There are other areas of the world with well-preserved shipwrecks, but the Great Lakes has the monopoly on sheer mass, variety and relative ease of access. Very few known dive-able wrecks are much more than a few hours boat ride from a decent restaurant, a chain hotel or a decent-sized town. Isle Royale, in Lake Superior, is a notable exception, but most wreck dive sites in the Great Lakes do not demand an expedition set up to reach.
Like diving in warm, turquoise waters with great visibility? Enjoy a laid-back atmosphere, without the stress of mass tourism, but still proper structures and professional services for scuba diving on site? Want guarantied sunshine and excellent food from one of the world's greatest cuisines? Or perhaps you have a passion for history and culture as well, but not if it requires endless flights and travel? Then, Turkey is for you.
Most of us in Europe know of Tenerife, but many in North America won’t have heard of it. It’s one of those sunshine locations that isn’t too long a European flight for warmth, sun and reliable weather—easy to reach with economy airlines from many United Kingdom and European airports. It’s the largest of the Canary Islands, part of Spain, but off the coast of Africa on the same longitude as Western Sahara and Morocco.
Coming full circle. It all started in the Med. It was here in the 1930’s and 40’s that the likes of Hans Hass, Jacques-Yves Cousteau, Frederic Dumas and Phillip Tailliez pioneered scuba diving as we came to know it. Erstwhile the obvious choice for dive travelers once the Red Sea and even more exotic destinations became accessible to a wider audience, it fell somewhat out of favor.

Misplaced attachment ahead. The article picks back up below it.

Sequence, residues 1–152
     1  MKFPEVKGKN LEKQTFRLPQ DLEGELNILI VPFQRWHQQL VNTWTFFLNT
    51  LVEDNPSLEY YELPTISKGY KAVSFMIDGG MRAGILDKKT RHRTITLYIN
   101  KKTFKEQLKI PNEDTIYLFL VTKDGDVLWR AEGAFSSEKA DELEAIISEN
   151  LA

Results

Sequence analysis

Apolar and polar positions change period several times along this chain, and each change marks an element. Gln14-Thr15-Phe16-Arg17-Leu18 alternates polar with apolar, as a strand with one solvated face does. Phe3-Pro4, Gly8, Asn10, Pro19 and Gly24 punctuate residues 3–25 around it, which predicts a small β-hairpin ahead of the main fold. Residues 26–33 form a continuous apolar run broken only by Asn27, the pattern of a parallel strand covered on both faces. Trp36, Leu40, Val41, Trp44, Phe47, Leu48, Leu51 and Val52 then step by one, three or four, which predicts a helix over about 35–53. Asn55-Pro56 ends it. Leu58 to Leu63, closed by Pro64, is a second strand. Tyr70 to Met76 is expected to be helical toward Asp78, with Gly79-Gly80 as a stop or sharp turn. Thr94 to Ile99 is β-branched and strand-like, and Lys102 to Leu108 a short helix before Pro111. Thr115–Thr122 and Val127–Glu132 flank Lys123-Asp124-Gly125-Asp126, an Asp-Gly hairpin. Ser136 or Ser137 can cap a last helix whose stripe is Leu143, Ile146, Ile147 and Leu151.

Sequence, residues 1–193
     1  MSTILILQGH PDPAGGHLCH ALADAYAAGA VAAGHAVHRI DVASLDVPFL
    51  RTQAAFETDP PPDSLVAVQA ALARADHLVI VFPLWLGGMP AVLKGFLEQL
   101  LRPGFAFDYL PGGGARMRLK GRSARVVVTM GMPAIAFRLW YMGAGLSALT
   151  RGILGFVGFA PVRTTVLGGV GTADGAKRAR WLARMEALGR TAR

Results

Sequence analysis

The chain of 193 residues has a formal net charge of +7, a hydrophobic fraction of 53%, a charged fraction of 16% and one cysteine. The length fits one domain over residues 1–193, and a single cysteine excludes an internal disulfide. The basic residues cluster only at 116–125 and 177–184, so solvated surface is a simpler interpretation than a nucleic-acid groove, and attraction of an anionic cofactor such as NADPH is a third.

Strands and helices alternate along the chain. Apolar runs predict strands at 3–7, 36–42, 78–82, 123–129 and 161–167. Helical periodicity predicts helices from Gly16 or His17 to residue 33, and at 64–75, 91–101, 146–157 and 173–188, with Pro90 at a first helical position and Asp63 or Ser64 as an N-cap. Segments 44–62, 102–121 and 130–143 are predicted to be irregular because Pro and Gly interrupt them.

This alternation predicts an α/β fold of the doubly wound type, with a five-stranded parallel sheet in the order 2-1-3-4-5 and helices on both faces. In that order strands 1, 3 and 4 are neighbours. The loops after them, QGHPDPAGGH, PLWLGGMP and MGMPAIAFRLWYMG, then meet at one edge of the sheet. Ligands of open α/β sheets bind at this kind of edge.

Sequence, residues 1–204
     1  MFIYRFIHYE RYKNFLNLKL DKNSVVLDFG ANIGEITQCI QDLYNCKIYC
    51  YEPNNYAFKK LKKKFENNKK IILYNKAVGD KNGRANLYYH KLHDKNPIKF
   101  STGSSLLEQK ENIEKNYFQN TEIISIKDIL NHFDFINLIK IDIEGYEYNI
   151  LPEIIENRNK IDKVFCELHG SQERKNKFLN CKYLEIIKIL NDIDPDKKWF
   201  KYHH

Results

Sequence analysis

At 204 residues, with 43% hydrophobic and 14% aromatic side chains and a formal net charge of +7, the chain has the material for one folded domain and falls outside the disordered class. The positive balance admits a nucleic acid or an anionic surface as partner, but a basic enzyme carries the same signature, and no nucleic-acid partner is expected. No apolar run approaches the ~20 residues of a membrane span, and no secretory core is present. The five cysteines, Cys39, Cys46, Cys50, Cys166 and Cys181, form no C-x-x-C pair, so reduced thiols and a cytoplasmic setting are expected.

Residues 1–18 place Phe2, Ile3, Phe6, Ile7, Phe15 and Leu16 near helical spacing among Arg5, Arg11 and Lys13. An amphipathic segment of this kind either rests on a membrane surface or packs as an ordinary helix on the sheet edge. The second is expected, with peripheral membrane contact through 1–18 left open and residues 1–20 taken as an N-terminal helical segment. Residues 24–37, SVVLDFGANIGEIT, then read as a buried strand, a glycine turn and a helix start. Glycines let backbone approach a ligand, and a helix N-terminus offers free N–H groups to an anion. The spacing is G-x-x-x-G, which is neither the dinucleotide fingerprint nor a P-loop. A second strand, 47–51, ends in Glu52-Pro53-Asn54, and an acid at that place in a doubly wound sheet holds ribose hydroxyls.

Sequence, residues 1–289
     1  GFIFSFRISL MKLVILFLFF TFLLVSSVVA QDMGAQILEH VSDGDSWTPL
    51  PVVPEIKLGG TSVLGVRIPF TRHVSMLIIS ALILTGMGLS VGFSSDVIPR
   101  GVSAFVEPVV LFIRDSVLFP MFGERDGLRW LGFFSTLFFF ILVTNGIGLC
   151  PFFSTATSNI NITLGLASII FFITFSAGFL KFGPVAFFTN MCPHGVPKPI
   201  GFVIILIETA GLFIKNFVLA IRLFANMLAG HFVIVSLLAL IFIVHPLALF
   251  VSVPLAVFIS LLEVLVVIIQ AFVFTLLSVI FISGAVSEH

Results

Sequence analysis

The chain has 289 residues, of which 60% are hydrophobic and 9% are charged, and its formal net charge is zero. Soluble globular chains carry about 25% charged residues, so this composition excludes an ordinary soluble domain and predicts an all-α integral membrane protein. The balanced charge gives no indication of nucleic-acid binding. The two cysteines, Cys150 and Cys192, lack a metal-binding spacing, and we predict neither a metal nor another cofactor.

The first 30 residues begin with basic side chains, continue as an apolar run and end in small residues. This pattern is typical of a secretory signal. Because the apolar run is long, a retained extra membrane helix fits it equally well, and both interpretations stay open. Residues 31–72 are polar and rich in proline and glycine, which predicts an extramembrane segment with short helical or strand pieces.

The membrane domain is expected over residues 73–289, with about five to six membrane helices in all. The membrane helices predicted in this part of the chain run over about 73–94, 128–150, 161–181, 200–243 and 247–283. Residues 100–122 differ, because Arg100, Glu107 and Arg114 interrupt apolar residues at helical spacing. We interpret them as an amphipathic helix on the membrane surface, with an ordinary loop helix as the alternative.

My dive buddy, Kate, is trying to get a shot of a purple sea fan but she’s having trouble with her strobes and my ADD is kicking in. This happens occasionally. I try to be a good buddy, I really do, but there’s just so damn much to see underwater and I get antsy if we stop too long for a photograph.
Standing on the beach staring out at the deep blue water, it’s hard to imagine a world so vibrant and full of life lying just a few meters away from our feet. My dive group and I shuffle slowly into the water, careful not to slip on the smooth black stones beneath our boots. With all our gear in place and a quick press of our deflators, we descend down into this beautiful wonderland hidden just below the surface.
On our journey north of the polar circle, my fellow adventurers and I were greeted by an astonishing spectacle. Over 20 orca were hunting an animal so rare that few people have seen them in the wild, let alone had the chance to study them. Using immense strength, agility and cunning intelligence, the orca worked as a team to hold the Arnoux’s beaked whale under water to drown it.